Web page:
Floyd did not advise Mr. Gibson that there may be conflicts when he first bought up the idea that he could act as Gibson's attorney. This defect was corrected to some extent when the relationship between Floyd and Gibson was being finalized on January 7, 1985. At that time, Floyd handed Mr. Gibson the letter mentioned previously. Ante, p.6.

 Floyd should have spelled out the possibility of conflicts sooner, but since I have found that potential conflicts are not material here, this defect is not serious enough to warrant disqualification. Floyd's failure to advise more completely about potential conflicts is significant only to the extent that it sheds light on the solicitation question. Under some circumstances, this could be an indication of the kind of overreaching and pressure tactics which the ban on solicitation is designed to prevent.

 In the case of Mr. Gibson, the record is bereft of any evidence that there was overreaching here. Mr. Floyd's conduct is not at all comparable to cases in which unprincipled attorneys prey upon distraught victims of recent accidents. Compare, Ohralik, supra.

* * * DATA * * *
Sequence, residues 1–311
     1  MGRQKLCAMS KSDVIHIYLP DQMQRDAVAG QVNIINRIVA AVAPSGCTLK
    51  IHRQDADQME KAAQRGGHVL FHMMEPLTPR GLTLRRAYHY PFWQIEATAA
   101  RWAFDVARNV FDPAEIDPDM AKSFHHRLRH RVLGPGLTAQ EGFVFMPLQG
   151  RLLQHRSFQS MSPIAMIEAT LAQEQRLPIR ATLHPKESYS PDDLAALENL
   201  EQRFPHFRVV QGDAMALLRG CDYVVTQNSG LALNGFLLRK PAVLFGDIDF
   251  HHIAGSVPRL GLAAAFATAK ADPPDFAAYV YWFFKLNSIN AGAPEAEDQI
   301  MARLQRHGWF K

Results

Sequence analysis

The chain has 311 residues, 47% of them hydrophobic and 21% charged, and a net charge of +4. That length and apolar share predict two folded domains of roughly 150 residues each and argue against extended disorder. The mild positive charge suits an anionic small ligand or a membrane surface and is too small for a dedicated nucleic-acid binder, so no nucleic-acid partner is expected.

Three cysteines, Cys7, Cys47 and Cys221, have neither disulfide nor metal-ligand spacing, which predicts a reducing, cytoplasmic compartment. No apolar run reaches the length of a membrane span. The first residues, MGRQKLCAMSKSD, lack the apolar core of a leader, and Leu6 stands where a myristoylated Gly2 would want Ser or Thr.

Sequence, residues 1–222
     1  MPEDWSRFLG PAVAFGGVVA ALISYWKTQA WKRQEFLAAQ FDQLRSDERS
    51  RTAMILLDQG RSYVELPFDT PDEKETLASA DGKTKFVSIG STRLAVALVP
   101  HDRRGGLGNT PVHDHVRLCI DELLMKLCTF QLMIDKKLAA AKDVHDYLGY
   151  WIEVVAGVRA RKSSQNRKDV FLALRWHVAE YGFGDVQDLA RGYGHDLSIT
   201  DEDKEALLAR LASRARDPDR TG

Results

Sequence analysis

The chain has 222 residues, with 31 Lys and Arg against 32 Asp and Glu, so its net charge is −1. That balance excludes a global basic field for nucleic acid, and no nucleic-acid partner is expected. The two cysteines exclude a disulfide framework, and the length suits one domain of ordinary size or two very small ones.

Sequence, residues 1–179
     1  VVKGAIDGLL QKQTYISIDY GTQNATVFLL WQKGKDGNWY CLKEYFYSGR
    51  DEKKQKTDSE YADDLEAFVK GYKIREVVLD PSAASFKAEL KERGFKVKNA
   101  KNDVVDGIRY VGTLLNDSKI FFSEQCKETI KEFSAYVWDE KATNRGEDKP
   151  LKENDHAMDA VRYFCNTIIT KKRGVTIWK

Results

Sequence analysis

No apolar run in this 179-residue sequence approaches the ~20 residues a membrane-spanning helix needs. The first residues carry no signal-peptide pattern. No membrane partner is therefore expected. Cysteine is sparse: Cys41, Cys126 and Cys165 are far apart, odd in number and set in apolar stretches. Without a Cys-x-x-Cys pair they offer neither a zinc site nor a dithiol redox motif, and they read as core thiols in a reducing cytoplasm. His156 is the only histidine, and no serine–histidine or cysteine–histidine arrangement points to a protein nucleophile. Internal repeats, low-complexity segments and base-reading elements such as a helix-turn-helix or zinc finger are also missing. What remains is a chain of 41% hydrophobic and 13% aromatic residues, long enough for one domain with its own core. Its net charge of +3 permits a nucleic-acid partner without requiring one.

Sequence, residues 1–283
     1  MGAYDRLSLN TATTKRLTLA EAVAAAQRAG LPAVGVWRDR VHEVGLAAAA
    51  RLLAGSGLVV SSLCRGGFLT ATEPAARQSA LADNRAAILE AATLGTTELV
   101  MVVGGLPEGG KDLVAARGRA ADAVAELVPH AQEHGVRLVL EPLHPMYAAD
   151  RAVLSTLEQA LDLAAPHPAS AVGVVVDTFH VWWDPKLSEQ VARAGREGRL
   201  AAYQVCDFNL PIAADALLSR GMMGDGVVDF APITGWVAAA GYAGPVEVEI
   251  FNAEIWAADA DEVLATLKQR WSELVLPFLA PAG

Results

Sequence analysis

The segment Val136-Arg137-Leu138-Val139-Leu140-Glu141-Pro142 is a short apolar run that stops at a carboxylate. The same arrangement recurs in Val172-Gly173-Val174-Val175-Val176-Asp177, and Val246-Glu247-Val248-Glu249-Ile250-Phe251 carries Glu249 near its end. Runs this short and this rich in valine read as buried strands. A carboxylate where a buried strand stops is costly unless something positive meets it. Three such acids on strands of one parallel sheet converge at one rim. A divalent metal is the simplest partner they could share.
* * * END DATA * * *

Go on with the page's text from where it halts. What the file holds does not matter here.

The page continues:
The fact that some tactical advantage might be gained by representing both Gibson and Occidental is not lost upon the court. Being a client of Phillips/Wald, counsel for the other parties in this case cannot interview Mr. Gibson on an informal basis without first contacting Phillips/Wald. This consideration is conspicuously present in the movants' arguments, and the court does not doubt that Phillips/Wald and Occidental are aware of it as well. It is this factor which suggests to the court that, while the conduct of Phillips/Wald was not unethical, it was not charitable either.